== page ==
Dr Nazila Ghanea
Liberal thinking has a long and proud history across a range of disciplines and was increasingly confident in its assertions. Critiques of the claims of liberalism, however, have been increasing, not least due to recent events.
This RHRS seminar will be analysing the ways in which the liberal order is now under threat at the international and national levels. These threats stem from populism, the sidelining of liberal values such as human rights and the increased polarisation and regulation in various jurisdictions; and arise in various arena, whether multilateral or domestic.
In some cases it appears that liberal values themselves create spaces that then advance tensions that call for restrictions. Could liberalism’s own icons, such as free speech, in fact be bringing about its own downfall?
Come along to examine this with our panelists.
Even before Brexit and the election of Donald Trump, there were signs that the liberal international order, dating from 1945, was under pressure. Since then, the trend for voters to elect right-wing populists who are scornful of regional and global bodies like the EU and the UN has raised the threat to the liberal international order, including multilateralism and the international rule of law.
The speaker will examine the future for the liberal international order in a multi-polar age in which China, Russia and countries from the Global South are increasingly seeking to be rule-shapers rather than rule-takers, and to push back against perceptions of a Western-centric international order. With President Xi Jinping’s defence of globalization and international ties, to what extent could rising China emerge as one of the champions of the liberal international order? And will liberal values, including human rights and democracy, be overtaken by a more instrumentalist approach to international law, with a greater emphasis on trade and nationalism?
Liberals face a dilemma today. In a global milieu of nationalist propaganda and divisive politics, much of what is claimed to be within the rubric of ‘free speech’ harms individuals and groups. In this context, public calls for stricter speech regulation have mounted. Yet these calls have strengthened an agenda of hyper-regulation; states, media organisations and academic institutions are expected to regulate expression in over-cautious, and arguably repressive ways. The ‘no platform’ movement in universities, and the increased drive towards state regulation of social media signal the trajectory of this discourse.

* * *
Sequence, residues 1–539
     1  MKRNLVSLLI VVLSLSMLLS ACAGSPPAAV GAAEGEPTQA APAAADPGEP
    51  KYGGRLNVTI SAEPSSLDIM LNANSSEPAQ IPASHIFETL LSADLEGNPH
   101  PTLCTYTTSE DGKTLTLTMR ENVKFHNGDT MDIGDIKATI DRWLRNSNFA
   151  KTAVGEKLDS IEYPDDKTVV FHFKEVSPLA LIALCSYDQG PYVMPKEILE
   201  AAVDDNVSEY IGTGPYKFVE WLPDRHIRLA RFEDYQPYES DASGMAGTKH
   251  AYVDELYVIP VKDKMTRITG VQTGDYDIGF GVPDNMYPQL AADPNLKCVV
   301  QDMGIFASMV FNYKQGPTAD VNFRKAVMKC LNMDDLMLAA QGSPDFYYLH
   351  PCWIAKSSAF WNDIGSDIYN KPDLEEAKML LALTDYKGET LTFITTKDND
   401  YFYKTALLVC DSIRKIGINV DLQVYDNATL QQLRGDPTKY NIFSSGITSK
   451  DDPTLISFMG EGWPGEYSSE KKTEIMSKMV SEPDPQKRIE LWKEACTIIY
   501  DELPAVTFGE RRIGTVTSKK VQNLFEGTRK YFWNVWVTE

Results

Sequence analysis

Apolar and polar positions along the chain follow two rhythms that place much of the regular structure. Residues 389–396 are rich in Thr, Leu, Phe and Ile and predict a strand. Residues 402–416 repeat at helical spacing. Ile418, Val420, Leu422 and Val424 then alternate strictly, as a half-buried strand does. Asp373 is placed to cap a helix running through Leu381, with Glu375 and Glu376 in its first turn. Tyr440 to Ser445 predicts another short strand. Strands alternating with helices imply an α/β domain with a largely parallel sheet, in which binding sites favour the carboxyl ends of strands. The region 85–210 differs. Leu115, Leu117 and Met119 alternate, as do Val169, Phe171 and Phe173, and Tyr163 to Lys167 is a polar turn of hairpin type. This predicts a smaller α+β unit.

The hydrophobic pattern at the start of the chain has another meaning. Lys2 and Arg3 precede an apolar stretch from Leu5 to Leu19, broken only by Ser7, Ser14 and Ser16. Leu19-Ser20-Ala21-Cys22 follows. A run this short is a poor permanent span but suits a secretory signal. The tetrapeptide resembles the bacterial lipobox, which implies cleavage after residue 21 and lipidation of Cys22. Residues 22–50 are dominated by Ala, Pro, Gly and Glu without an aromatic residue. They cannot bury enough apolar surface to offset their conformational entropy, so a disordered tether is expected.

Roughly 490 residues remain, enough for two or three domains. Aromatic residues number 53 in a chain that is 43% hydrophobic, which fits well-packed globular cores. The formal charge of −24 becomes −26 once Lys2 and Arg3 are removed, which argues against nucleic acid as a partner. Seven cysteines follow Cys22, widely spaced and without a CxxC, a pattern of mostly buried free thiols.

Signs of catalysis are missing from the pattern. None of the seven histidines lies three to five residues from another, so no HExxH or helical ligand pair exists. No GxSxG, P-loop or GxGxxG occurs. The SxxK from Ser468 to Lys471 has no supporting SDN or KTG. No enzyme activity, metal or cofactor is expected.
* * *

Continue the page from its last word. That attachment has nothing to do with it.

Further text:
The speaker will examine the fundamental tension between maintaining space for free expression and preventing harm to others. He will critique the liberal response to this tension in the context of ‘right-wing’ politics and ‘violent extremism’, and question whether liberals have ceded too much space to the regulatory agenda.
Harriet is an Associate Fellow in the International Law Programme at the Royal Institute of International Affairs (Chatham House), where she focuses on international human rights law and international humanitarian law. Harriet has lectured on international humanitarian law as part of Oxford University Department for Continuing Education's Foreign Service Programme with Kate Jones.
Before joining Chatham House, Harriet was a legal adviser at the Foreign & Commonwealth Office, where she advised on a wide range of international law issues. Harriet has represented the UK in the Council of Europe, in cases before the European Court of Human Rights, and at bilateral and multilateral treaty negotiations.
Prior to that, Harriet trained and worked as an associate solicitor for Clifford Chance LLP in the firm’s London and Singapore offices.
Gehan Gunatilleke is a doctoral student in law at the University of Oxford, and a researcher at the Bonavero Institute of Human Rights. His current research focuses on the grounds on which the freedom of expression may be restricted under international law. Gehan is a former UN advisor to the Sri Lankan Foreign Ministry, where he specialised in international treaty compliance. As a lawyer in Sri Lanka, he has campaigned against the criminalisation of dissenting speech, and the excessive regulation of mainstream and social media.
Dr Nazila Ghanea
Dr Nazila Ghanea is Associate Professor in International Human Rights Law at the University of Oxford and a Fellow of Kellogg College. She was the founding editor of the international journal of Religion and Human Rights and now serves on its Editorial Board. She also serves on the Advisory Board of the Oxford Journal of Law and Religion, the Board of Governors of the Universal Rights Group and the Advisory Council of the Cambridge Institute on Religion & Global Affairs (CIRGA). She has been a visiting academic at a number of institutions including Columbia and NYU, and previously taught at the University of London and Keele University, UK and in China.
Nazila has acted as a human rights consultant/expert for a number of governments, the UN, UNESCO, OSCE, Commonwealth, Council of Europe and the EU. She has facilitated international human rights law training for a range of professional bodies around the world, lectured widely and carried out first hand human rights field research in a number of countries including Malaysia, the United Arab Emirates and the United Kingdom. She is a regular contributor to the media on human rights matters. This coverage has included BBC World Service, BBC Woman’s Hour, The Times, Radio Free Europe, The Guardian, Avvenire, The Telegraph, The National (UAE), New Statesman, Sveriges Radio, TA3 Slovakia and El Pais.